Interviews

Danny Abeckaser

Danny Abeckaser
Drew Turney

If you’d looked really carefully in ”Made”, Doug Liman’s 2001 follow-up to ”Swingers”, you would have seen Danny Abeckaser as an uncredited party promoter.

Abeckaser was going method – he was a real club and party promoter at the time, and as he talks to Moviehole in Los Angeles, he explains the unlikely road to producer (he was the brains trust behind Jesse Eisenberg-starrer Holy Rollers) and actor, culminating in the role as Dino, Michael Shannon’s best friend in hitman drama ”The Iceman”.

 

How do you got from party promoter to actor?

When I was around 13, 14 I really wanted to get into acting, then I hit a point where I just wanted to experience life, so I went out and got into night life business.

Everything was going great but I started getting a little bored. I realised I was missing something so I decided to try and get back in to acting and also producing, making my own movies and telling the stories I wanted to tell.

Having a background in events and parties must be similar to producing a movie – you’re organising a very big event?

Basically, yeah. It’s introducing people and putting them together. And if you take an actual event from beginning to end you’re almost doing the same thing as movie – except a movie’s a lot harder.

How so?

There’s so much to do that you don’t realise, but it’s the most satisfying thing. Once you do a great event it’s over. A movie is for life – you always get to go back and enjoy it and so many people you don’t know get to enjoy it and speak to you about it. It’s much more gratifying.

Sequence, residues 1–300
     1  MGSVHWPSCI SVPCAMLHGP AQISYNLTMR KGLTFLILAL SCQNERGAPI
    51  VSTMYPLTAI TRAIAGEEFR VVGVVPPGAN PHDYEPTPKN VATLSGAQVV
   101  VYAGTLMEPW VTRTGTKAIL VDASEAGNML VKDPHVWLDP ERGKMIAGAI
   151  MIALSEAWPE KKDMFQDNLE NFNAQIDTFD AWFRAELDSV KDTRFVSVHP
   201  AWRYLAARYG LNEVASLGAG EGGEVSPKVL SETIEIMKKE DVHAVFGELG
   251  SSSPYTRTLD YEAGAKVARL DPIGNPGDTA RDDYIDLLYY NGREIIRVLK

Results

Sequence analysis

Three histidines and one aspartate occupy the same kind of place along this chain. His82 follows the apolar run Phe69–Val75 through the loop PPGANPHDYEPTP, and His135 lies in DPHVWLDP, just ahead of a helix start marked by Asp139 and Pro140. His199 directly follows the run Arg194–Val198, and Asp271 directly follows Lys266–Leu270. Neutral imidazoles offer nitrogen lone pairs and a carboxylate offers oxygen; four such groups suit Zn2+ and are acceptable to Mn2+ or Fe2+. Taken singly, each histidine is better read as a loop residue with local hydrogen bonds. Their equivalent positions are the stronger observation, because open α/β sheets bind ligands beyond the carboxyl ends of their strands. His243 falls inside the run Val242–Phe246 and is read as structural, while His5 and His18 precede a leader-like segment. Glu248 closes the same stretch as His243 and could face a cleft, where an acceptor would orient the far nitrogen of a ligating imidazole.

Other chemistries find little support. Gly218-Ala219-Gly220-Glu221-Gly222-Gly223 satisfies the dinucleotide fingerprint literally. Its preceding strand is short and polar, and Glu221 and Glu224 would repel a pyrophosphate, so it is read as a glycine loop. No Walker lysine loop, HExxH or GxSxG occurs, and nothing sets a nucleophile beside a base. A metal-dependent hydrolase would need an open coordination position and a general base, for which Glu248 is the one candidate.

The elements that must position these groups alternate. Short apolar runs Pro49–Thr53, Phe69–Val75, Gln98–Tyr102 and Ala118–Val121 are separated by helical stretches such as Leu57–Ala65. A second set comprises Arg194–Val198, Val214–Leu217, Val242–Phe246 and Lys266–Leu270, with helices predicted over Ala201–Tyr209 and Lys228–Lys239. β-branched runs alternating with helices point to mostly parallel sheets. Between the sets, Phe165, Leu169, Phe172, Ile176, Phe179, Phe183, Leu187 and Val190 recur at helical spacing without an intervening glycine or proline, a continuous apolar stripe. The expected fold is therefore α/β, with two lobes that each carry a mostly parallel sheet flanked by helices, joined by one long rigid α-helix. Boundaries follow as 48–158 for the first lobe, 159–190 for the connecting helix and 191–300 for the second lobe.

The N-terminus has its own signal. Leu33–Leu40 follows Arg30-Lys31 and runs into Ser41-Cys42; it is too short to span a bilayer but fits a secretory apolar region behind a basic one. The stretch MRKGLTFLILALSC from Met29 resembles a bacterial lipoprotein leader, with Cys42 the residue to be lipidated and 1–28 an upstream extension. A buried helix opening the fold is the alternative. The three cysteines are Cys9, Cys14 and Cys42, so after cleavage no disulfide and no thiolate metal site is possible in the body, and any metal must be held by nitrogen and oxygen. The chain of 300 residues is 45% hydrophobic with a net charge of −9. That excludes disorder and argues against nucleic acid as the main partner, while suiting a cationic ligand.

After Holy Rollers and now The Iceman you’ve spent a bit of time crime dramas. Anything in particular you like about the genre?

They’re my favourite movies. Like Scorsese, I grew up on that kind of thing in New York.

What makes Dino important in the story?

When I read the script my character was supposed to be a really, really small role, they developed it a lot more. He’s so different than everyone else in Richard’s [Kuklinski, played by star Michael Shannon] life. He’s simple, and he knows and sees the human side of him. Once people are going to see that they’re going to kind of sympathise with him. So I felt like my character was really important, even though I don’t get to play a gangster like I wish I did. But I loved every moment of shooting the movie.

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Interviews
Drew Turney

An Australian-based film critic and celebrity interviewer now based in Los Angeles, California.

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